Subjects: Behavioral health
Fast-food chains and vending machines offer more healthful food items than ever these days, and sales are up. Sales of burgers, fries and assorted junk food, that is.
Gavan Fitzsimons may have figured out why. The Duke professor and his team concluded that simply seeing a salad on the menu empowers some consumers to select less healthy foods.
The scientists dubbed the phenomenon, “vicarious goal fulfillment.”
It seems that people can convince themselves a nutrition goal has been achieved by taking some small action, like considering a salad, without actually ordering it.
Fitzsimons’ team used a pre-test to identify people with particularly high levels of self-control regarding food choices. On the pre-test, they had consistently avoided French fries, the least healthy item on a test menu.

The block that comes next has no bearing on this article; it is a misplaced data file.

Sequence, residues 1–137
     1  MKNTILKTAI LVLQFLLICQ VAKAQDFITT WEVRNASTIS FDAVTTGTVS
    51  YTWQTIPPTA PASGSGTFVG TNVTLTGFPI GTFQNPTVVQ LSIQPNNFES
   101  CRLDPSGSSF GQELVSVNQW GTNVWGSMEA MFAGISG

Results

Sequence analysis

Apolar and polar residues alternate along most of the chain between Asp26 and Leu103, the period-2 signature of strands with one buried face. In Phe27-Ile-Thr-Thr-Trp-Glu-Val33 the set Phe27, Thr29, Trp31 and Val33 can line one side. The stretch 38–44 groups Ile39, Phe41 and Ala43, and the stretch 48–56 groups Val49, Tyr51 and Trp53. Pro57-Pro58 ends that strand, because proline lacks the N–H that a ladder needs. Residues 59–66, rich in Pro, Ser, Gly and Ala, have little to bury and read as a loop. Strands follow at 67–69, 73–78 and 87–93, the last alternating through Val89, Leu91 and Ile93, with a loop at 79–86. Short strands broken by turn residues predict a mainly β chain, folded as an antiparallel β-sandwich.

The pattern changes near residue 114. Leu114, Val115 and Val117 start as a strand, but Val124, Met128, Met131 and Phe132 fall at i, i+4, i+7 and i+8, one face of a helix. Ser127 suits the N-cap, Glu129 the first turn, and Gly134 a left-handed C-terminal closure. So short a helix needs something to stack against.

The team then asked subjects to select a food item from one of 2 pictorial menus. One menu offered up strictly junk: fries, chicken nuggets, and a baked potato with the fixins. The other menu had the same 3 items and a side salad.
Subjects shown the latter menu rarely chose the salad and went for the fries—the least healthy menu option—more frequently than those shown the salad-less menu.
The fascinating work appears in the Journal of Consumer Research.
“The presence of a salad on the menu has a liberating effect on people who value healthy choices,” Fitzsimons explained to BurrillReport.
“Simply seeing, and perhaps briefly considering, the healthy option fulfills their need to make healthy choices, freeing (them) to give in to temptation and make an unhealthy choice.”
The team concluded that schools and other establishments that are serious about promoting healthy behaviors better start deleting junk food from the menu altogether.